PEARL, Miss. - Two imprisoned sisters whose life sentences were suspended on the condition that one donates a kidney to the other have been released from a Mississippi prison.
Jamie and Gladys Scott, who have been been incarcerated for 16 years, left the Central Mississippi Correctional Facility in an SUV and waved to reporters early Friday.
"We're free," they yelled. "God bless y'all."
An afternoon news conference for the sisters in Jackson was attended by dozens of supporters. Many cheered. Some sang. A few cried.
The sisters - Jamie wearing pink, Gladys wearing purple - sat smiling at a table, their hands clasped before them as their attorney, Chokwe Lumumba, thanked a list of advocacy groups who worked for their release.
"We just totally blessed. We totally blessed," Gladys Scott said. "It's been a long, hard road, but we made it."
Gladys said she learned about her release on television.
"I just started screaming and hollering. I'm still screaming and hollering," she said.
Jamie said she looked forward to moving on her with her life and doubted at times she'd ever be free, but she leaned on her faith.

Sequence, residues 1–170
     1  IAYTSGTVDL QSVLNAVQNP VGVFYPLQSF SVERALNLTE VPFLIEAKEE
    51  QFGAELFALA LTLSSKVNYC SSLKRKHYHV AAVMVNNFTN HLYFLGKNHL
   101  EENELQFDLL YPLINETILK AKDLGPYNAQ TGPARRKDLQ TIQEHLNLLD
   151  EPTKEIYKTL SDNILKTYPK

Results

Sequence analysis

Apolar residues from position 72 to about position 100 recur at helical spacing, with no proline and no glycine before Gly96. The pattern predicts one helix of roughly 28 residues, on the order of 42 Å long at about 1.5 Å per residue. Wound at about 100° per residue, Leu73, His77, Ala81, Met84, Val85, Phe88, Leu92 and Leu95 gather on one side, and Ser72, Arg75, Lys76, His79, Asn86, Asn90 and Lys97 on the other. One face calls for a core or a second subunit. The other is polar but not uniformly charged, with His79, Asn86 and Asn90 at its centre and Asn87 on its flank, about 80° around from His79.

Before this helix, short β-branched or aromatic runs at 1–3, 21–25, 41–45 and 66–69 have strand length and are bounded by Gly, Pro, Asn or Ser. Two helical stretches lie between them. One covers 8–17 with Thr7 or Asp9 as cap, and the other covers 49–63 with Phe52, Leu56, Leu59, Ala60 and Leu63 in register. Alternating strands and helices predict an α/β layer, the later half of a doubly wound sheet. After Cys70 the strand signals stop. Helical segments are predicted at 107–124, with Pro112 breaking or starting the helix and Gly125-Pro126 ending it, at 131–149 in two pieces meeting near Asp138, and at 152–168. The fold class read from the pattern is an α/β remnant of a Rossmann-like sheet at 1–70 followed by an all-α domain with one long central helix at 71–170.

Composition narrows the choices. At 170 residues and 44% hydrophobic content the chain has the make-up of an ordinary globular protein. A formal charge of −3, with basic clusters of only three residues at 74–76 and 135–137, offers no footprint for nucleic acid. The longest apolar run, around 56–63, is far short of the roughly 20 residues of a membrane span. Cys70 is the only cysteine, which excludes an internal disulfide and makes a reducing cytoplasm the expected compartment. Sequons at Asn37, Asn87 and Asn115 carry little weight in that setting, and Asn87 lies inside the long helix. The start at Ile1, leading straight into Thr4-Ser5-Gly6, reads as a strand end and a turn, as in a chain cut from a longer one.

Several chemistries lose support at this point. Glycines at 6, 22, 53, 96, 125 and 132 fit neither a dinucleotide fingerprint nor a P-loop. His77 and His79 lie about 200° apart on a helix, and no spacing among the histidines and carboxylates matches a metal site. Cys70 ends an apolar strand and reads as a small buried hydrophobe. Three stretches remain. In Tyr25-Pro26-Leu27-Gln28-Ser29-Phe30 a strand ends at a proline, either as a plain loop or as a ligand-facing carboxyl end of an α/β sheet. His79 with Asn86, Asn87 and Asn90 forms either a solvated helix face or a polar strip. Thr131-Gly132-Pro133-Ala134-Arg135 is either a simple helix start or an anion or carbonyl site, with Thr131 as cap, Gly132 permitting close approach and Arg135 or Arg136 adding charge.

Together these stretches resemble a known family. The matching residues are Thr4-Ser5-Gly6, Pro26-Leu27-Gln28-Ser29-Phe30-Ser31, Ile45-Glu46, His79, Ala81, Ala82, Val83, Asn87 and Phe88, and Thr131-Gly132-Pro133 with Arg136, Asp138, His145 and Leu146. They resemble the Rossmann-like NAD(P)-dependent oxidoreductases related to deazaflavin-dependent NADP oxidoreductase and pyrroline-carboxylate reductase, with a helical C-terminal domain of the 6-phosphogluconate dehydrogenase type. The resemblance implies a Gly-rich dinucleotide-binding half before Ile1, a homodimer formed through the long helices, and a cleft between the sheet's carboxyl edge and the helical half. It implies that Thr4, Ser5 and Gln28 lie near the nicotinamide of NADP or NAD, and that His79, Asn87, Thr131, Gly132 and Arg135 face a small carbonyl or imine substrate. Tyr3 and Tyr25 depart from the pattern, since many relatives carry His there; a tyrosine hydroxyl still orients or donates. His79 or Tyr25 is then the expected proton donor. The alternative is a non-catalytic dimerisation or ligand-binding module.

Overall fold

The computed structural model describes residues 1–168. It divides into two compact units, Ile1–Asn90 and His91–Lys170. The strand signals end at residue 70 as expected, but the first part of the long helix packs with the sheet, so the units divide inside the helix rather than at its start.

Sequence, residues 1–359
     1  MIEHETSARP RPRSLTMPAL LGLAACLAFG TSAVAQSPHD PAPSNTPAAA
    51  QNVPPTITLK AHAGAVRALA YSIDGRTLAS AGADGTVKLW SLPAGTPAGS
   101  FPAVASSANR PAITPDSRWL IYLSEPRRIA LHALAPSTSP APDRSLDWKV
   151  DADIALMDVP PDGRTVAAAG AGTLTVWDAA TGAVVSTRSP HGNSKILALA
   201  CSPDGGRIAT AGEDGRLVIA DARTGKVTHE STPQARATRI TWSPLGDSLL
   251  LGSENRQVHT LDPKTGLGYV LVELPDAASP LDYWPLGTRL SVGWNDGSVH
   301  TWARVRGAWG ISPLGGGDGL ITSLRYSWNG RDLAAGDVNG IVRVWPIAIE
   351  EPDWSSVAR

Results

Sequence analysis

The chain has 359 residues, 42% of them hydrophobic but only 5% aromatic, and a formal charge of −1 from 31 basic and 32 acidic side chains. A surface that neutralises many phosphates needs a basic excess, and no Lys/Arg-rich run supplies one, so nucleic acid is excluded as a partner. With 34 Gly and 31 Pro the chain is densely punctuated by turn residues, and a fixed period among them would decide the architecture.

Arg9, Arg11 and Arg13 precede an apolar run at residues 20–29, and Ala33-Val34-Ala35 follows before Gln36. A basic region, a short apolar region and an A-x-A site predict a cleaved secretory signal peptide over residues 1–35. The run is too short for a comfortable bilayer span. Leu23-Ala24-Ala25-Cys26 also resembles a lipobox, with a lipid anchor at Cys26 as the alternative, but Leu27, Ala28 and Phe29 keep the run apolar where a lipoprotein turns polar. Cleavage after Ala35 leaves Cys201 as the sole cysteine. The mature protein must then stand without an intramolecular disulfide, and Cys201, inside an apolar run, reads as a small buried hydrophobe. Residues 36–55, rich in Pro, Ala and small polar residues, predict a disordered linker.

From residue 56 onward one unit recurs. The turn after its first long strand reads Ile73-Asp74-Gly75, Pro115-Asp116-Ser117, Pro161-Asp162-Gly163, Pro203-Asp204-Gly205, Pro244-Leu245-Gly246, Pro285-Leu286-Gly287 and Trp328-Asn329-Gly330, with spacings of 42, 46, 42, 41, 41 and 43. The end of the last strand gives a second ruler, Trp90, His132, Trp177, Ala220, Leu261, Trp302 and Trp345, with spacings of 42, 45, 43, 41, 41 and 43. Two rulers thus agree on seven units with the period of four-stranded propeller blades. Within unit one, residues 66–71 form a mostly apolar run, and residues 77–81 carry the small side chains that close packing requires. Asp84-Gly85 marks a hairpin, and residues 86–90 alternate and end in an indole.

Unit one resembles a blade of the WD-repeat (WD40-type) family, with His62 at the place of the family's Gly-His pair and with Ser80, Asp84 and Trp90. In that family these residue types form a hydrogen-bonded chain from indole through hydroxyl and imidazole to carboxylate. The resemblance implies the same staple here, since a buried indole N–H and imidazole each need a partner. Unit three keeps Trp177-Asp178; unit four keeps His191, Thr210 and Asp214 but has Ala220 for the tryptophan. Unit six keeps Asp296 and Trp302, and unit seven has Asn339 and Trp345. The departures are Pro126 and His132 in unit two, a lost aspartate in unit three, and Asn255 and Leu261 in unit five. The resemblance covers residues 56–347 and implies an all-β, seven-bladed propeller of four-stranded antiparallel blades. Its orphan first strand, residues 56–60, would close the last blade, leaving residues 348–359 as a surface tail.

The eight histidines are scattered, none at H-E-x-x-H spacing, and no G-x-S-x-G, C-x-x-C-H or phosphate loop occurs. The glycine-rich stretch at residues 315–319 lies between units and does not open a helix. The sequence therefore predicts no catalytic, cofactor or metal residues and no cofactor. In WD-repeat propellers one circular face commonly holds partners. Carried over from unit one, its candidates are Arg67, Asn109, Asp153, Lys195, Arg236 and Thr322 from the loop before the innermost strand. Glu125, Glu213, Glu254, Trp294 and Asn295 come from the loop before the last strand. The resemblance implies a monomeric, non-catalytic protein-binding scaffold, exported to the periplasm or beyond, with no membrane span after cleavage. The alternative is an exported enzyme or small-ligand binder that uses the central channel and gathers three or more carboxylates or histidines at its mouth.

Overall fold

"My sister been saying all day, 'You don't look well,"' she said. "I haven't woke up. It's like a dream."
Jamie said the reality of the situation will probably sink in when she sees her grown children, who were young kids when they went to prison. She said she would have a dialysis treatment Saturday morning in Florida.
The sisters are moving to Pensacola in the Florida Panhandle to live with their mother. They hope to qualify for government-funded Medicaid insurance to pay for the transplant and for 36-year-old Jamie Scott's dialysis, which officials said had cost Mississippi about $200,000 a year. A few doctors have expressed interest in performing the transplant, but there are no firm plans yet.